(Dr. Suresh Sitaraman, advisor)
"A Study of the Thermo-Mechanical Reliability of Plated-Through-Hole / Press-Pin Assemblies"
Plated-Through-Hole/Press-Pin (PTH/PP) reliability continues to be an important concern in the electronic packaging industry. At the 2nd level of packaging, through-hole components (such as DIP and PGA, among others) account for more than 50% of the IC packaging on a typical PWB. Others, such as discrete and optical and RF components, remain through-hole. In addition, connectors, used at the 2nd and 3rd level, constitute 21% of the microelectronics market. Continued introduction of new materials, geometries, and processes result in new design challenges. The connection attained by compliant press-fit pins is a determinant factor in the integrity and continuity of electrical signals. PTH/Press-Pin assembly studies are limited and simplified, not fully modeling the interaction between both. Design challenges involve many details, from geometry to stiffness and degree of interference. A small PTH will lead to the damage of its wall by a Press-Pin and could induce Press-Pin buckling during insertion. A big PTH could lead to loss of contact at temperature extremes during thermal excursions. In addition, the plastic deformation on both the pin and the PTH could affect the fatigue life of the assembly, since the Press-Pin insertion could induce cracks on the PTH at the moment of insertion.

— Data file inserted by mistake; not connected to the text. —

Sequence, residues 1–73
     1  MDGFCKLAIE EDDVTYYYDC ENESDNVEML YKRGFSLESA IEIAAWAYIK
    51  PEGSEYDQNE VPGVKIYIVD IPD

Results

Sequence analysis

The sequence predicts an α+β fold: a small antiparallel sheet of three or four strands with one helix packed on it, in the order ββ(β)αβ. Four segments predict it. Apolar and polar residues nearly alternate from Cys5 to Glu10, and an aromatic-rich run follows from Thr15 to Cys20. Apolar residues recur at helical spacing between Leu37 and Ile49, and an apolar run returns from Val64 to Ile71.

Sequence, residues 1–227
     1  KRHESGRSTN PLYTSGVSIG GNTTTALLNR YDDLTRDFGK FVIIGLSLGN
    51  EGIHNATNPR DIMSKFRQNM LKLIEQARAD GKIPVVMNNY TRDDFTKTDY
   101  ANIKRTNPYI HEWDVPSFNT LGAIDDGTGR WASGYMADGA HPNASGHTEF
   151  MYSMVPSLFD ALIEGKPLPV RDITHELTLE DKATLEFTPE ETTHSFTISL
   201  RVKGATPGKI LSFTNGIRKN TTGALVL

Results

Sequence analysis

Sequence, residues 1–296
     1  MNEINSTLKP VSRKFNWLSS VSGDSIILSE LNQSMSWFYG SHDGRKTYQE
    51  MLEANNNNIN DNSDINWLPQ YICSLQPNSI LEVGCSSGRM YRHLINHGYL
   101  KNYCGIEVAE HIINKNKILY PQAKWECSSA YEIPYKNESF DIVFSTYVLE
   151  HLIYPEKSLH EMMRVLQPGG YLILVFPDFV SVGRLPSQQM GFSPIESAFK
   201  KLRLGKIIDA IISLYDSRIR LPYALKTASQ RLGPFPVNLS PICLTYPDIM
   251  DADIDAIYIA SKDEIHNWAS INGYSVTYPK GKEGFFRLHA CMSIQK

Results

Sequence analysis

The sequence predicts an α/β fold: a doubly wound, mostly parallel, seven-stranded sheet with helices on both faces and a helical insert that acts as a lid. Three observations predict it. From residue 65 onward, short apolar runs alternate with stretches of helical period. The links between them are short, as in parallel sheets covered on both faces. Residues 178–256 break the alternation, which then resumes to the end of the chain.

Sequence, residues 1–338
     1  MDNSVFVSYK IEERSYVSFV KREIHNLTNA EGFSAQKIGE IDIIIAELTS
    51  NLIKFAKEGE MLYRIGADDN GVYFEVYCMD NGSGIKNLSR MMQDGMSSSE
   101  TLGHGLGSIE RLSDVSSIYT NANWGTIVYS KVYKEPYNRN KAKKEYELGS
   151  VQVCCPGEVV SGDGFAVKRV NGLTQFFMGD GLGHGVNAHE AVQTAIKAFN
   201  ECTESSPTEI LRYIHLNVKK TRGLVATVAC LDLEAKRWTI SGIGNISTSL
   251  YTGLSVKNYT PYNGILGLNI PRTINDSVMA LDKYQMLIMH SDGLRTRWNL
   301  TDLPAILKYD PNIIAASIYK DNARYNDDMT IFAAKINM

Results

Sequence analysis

In this work, a combined numerical and experimental program has been developed to address the challenges mentioned above. The press-fit pin connection in a PTH is modeled in 3D for reliability studies, taking into consideration material non-linearities and contact behavior. The study intends to determine the stresses induced in the PTH under mechanical (including PP insertion) and thermal loading. In addition, mechanical reliability will be studied due to the possible development of fatigue cracks. This work intends to understand the different mechanisms affecting the reliability of this type of assembly in order to recommend optimum design parameters, such as hole and plating diameter and pin insertion force. Numerical 3D models have been developed and validated through known approximate analytical solutions. Experimental data, both mechanical and electrical, has been gathered to validate the numerical models used in the study. Two different types of pins have been assessed for reliability under three different metallurgies and three different hole sizes.